Does “likability” really matter?
Based on research by Utpal Dholakia, René Algesheimer and Călin Gurău
How Do You Know What Motivates Your Virtual Work Team?
- Globalization has changed how we work. More than ever, remote workers do the jobs we once did face to face.
- Despite the growing influence of virtual work, little is known about what influences a virtual work team’s performance.
- Managers need to develop models that measure and predict virtual team performance, focusing on worker motivation.
Managers are always hunting for ways to measure performance. They need to know what’s succeeding and what’s not so they can make adjustments and improve a work team’s output. This has led to countless studies that looks at ways to measure and boost employee performance. Indeed, one recent study showed there were more than 130 models and frameworks for measuring team performance in the workplace.
But how we do business has been changing in the last two decades. Communication technology and information sharing increasingly has decentralized the work force. More and more people are working remotely. Consider telecommuters, online messenger services such as Slack and customer service call centers routing their calls across the world. What forces determine how these virtual teams function?
In a study, Rice Business professor Utpal Dholakia and colleagues René Algesheimer of the University of Zurich and Călin Gurău of GSCM-Montpellier Business School looked closely at what motivates remote teams and how to measure what they do. They began with a standard input-mediator-output-input model (IMOI) to measure team characteristics such as size, tenure, communication, strategic consensus and intentions. Then they dove further, including expected team performance, actual team performance and past team performance into the equations. Finally, they analyzed the influence of motivational – desire to perform – and rational – shared goals – dimensions.
To conduct the research, Dholakia, Algesheimer and Gurău analyzed professional computer gaming teams, reasoning that such teams work together in highly competitive environments. The gamers’ lack of organizational context, meanwhile, eliminated any bias that could be linked to traditional institutional structures such as culture and goals. There was a downside, however: the gaming teams didn’t fully replicate the situation of virtual teams in business organizations.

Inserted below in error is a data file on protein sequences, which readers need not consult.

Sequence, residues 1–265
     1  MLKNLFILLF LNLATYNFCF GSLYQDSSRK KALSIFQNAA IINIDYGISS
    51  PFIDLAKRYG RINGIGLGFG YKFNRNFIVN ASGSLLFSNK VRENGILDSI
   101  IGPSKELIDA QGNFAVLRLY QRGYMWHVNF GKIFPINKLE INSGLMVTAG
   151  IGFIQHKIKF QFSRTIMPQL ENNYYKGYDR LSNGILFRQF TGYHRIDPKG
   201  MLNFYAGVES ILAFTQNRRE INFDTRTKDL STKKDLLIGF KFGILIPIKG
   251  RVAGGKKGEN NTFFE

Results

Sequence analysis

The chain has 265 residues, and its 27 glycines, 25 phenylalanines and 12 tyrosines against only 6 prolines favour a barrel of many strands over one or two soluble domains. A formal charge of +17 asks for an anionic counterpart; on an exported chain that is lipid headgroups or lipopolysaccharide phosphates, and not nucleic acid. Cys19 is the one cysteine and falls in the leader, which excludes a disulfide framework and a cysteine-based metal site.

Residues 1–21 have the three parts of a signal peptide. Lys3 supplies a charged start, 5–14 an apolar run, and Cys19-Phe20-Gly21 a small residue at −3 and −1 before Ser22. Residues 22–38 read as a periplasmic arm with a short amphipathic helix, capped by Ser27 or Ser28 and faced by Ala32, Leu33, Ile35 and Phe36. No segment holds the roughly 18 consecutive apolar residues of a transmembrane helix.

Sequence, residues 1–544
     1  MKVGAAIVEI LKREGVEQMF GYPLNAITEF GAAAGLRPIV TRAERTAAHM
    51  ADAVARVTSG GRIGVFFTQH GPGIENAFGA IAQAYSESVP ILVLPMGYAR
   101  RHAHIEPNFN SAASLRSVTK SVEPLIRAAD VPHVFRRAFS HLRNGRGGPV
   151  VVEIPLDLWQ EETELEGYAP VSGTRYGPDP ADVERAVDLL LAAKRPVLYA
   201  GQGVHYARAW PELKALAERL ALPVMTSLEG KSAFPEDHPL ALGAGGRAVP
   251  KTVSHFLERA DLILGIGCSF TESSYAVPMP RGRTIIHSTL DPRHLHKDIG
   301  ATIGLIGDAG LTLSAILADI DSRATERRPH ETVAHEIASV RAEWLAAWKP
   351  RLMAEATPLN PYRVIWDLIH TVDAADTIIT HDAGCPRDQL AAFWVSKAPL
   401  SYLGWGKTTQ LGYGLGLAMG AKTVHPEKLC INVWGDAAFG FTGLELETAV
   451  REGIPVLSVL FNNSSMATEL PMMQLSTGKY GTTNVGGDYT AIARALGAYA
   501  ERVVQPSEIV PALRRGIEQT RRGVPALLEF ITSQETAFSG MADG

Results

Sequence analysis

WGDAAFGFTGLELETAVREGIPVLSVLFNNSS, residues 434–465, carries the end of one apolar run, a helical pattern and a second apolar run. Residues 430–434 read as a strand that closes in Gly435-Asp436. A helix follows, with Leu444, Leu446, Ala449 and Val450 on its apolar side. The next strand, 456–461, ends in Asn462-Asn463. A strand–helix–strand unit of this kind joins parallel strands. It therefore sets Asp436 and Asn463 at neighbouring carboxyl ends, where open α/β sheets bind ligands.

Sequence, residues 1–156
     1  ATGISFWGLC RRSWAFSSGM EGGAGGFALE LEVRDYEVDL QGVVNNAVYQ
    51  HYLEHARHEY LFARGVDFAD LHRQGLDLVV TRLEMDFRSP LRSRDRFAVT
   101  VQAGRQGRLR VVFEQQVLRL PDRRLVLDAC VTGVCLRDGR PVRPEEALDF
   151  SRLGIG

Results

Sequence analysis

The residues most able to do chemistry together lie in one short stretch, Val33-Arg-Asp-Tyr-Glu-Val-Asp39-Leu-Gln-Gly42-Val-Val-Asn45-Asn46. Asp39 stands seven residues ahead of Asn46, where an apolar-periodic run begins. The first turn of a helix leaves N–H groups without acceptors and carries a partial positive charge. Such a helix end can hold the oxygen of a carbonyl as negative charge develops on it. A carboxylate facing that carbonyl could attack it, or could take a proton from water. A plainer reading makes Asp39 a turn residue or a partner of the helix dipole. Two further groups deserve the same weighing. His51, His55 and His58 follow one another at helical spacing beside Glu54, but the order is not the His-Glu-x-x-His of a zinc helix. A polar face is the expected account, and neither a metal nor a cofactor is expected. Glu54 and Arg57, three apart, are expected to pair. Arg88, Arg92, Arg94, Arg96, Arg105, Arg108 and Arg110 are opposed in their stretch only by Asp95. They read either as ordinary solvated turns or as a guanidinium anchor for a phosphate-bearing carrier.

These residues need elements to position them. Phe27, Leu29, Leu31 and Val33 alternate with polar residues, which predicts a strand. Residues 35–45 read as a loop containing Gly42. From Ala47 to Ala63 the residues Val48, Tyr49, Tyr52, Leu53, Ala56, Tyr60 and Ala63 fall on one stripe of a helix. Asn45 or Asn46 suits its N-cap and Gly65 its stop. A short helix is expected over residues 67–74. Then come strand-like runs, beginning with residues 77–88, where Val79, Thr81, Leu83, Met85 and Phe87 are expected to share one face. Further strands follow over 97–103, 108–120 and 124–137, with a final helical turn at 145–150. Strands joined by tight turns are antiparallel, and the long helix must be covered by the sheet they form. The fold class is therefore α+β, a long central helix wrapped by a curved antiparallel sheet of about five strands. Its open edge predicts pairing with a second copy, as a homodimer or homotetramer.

Still, by choosing the European Electronic Sports League (ESL) the researchers were able to pick from more than half a million teams that play in excess of 4 million matches a year. In the end, 606 teams participated in the study by answering a questionnaire in the course of a year. The teams all had stable structures and specific objectives, strategies and training, just like virtual work teams. Data was also collected from the ESL database and included in the model.
The findings: most studies do not consider expected and actual team performance in their calculations. This is important because research shows a strong link between expectation and performance. Including both sets of results can help managers choose the right steps to enhance team strategy and effectiveness. (The study did not analyze issues such as trust, training, conflict resolution or leadership, areas Dholakia recommends for further research).
The framework devised by Dholakia and his colleagues gives researchers a more precise way to analyze remote or international teamwork. It also could help guide managers in examining a team’s cultural diversity, and how that might affect output. In a time when the workplace is growing ever less tangible, Dholakia’s model is a sturdy tool to measure what’s happening out there.
Utpal Dholakia is the George R. Brown Professor of Marketing at Jones Graduate School of Business at Rice University.
To learn more, please see: Algesheimer, R., Dholakia, U. and Gurău, C. (2011). Virtual team performance in a highly competitive environment. Group & Organization Management, 36(2), 161-190.